When an infant is diagnosed with nystagmus, it’s very important to ensure that the child continues to have regular sight tests and check ups to make sure that other problems with the vision are identified and treated. That’s the message coming loud and clear from a recent report by the UK Vision Strategy team. As … Continue reading Children’s health: why vision matters
To achieve our objective of raising greater awareness of nystagmus, the charity publishes articles from time to time on different aspects of the condition. The article we submitted for publication most recently is entitled Wobbly Eyes and explains nystagmus in language a young child can understand. The text is adapted from our free to download … Continue reading Nystagmus Network article published
Have you done something amazing, something you never thought possible, because you have nystagmus? Has your child exceeded all your expectations? If so, we want to hear from you. Last year we heard about the fantastic swimming and fundraising achievements of Annabelle, Tyler and Poppy. This year we want to hear your stories. Between now and … Continue reading How amazing are you?
Whilst we are all looking forward to the very first Nystagmus Awareness Day in the summer – on Wednesday 20 June – for those of you who miss the old days, when Nystagmus Awareness Day was celebrated in November, you can get this year’s ‘Wobbly Week’ off to a great start by coming sledging or … Continue reading Nystagmus Awareness Day – for snow men!
Parents often wonder when is the right time to talk to their children about nystagmus and what words to use. Our free to download booklet “Wobbly Eyes” can help. Covering things like going to school, out and about and making friends, the booklet uses child friendly language to help prepare a child for life with … Continue reading Explaining nystagmus to a child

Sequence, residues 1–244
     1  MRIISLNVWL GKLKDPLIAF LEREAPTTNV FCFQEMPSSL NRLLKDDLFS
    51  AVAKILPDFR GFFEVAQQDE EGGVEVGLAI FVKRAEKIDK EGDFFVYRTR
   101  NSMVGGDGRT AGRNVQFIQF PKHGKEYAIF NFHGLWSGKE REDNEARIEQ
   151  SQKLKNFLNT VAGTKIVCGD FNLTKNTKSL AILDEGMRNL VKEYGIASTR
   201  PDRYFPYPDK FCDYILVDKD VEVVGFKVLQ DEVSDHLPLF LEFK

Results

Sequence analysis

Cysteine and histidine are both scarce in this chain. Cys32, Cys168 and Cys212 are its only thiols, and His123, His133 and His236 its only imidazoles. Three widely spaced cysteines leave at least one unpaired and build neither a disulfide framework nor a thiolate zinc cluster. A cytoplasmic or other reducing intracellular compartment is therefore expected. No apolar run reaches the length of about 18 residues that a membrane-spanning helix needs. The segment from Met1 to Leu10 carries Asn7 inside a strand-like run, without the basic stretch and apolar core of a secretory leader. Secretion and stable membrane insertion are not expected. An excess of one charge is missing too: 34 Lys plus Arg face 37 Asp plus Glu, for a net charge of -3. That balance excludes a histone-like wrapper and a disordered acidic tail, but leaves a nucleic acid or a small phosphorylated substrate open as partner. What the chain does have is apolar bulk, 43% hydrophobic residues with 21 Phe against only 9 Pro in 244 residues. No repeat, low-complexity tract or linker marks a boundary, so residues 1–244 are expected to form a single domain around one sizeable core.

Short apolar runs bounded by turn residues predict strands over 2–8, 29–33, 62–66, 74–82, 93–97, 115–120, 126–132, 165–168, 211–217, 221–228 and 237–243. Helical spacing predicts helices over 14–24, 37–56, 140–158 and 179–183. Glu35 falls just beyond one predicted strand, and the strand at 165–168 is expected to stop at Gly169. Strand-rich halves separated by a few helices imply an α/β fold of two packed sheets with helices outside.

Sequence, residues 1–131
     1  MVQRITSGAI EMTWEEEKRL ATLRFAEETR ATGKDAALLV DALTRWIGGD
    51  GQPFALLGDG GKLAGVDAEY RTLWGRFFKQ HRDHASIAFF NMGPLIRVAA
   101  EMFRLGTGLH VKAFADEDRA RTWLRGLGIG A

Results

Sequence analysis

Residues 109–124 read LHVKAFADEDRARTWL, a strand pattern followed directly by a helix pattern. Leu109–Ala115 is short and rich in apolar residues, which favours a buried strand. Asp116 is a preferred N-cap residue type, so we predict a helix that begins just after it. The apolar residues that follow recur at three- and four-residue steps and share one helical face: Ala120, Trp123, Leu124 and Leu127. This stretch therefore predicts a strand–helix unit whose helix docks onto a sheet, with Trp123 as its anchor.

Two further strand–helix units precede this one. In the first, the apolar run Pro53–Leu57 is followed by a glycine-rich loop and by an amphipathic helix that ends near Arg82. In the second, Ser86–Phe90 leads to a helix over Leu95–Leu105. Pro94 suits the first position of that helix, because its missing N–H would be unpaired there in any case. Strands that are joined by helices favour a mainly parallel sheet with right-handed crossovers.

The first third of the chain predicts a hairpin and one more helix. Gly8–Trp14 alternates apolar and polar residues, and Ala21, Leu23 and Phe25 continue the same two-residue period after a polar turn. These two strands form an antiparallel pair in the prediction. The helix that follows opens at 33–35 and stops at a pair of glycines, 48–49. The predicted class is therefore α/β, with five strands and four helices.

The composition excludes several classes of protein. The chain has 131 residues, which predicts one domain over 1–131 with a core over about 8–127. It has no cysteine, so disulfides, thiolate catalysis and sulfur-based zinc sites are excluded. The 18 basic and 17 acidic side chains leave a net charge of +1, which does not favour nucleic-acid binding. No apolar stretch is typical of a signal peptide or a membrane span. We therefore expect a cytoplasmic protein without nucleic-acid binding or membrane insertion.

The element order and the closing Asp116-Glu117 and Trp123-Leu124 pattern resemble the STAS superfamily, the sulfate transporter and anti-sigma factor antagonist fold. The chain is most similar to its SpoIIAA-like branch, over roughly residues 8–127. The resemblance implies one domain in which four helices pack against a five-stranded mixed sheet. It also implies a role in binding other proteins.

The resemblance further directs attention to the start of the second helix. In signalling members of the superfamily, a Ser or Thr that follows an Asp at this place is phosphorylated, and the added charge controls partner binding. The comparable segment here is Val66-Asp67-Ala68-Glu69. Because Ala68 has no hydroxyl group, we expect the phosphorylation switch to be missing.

I had always planned on being a laid back parent. My son, born with perfect vision, had been a breeze. And then my daughter entered school. Even though she had albinism and nystagmus, I assumed I’d continue being easy breezy. I would explain the accommodations she needed, the teachers would listen, and we would all … Continue reading I’m the parent I never thought I’d be
My son, George, has congenital idiopathic nystagmus. The terminology may be familiar to ophthalmologists, but it’s baffling to anyone else. In George’s case, no one can identify a cause. So begins our story of discovery about nystagmus, what it means to those who have it, to those around them and the shocking ignorance of people … Continue reading George has nystagmus – goodbye!